Bottom line: Under specific requirements, the tax authorities must not only honor the taxpayer's fundamental right of deduction of input VAT, even though an invoice has not been complying with all of the formal invoicing requirements (when all of the substantive conditions of the deduction are met), they must also not inflict the penalty of assessing interest for late payment of taxes (penalties as such are not excluded).

Action required

  • Taxpayers who have been denied input VAT deductions or who have been requested to pay VAT-related interest, each of which on the basis of formal insufficiencies of invoices, should examine their options.
  • It may be possible not only to successfully appeal related tax assessments and claim the input VAT but also to object and reclaim interest for late payment of taxes.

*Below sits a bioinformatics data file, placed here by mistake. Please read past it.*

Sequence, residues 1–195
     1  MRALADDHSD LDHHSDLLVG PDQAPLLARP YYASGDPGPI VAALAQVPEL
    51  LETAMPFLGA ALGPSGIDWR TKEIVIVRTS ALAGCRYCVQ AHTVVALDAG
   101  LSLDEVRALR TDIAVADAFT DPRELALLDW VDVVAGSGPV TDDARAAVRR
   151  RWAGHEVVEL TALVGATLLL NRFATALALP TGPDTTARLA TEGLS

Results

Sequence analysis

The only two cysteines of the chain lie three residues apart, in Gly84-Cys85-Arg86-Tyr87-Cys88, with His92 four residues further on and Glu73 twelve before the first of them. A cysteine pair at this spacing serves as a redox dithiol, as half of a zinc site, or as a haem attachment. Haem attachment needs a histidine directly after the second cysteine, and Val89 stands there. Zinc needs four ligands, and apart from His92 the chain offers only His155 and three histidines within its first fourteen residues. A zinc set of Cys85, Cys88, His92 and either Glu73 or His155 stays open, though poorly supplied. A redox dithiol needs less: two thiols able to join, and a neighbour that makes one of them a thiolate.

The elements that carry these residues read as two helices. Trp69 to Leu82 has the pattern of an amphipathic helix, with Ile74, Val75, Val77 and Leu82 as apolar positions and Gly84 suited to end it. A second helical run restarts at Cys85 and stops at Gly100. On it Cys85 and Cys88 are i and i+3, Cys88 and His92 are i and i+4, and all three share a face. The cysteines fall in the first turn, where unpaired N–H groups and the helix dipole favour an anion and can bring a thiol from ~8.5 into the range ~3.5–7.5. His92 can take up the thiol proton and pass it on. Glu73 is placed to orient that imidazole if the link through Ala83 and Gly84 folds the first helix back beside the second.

• Taxpayers should not, however, relax their invoicing procedure and/or invoice checking efforts.
  • This holds true as German and EU tax authorities are more and more strengthening their compliance requirements and because (due to the recent cases decided by the CJEU related to very specific formal invoice requirements) it remains to be seen how member states' tax authorities and tax courts will apply this case law to other formal invoice deficiencies.
  • The burden of proof lies with the taxpayer in respect of invoice corrections/supplements and the taxpayer also risks that the former service supplier may no longer be available at the time when the invoice correction/supplement would need to occur.
  • Invoice deficiencies should be corrected as soon as possible but not by way of a cancellation of the invoices; rather, addenda referencing the insufficient original invoice should be applied (otherwise a cancellation of the initial invoice may result in the non-applicability of the above-mentioned Senatex case law and hence an assessment of interest for late payment of taxes).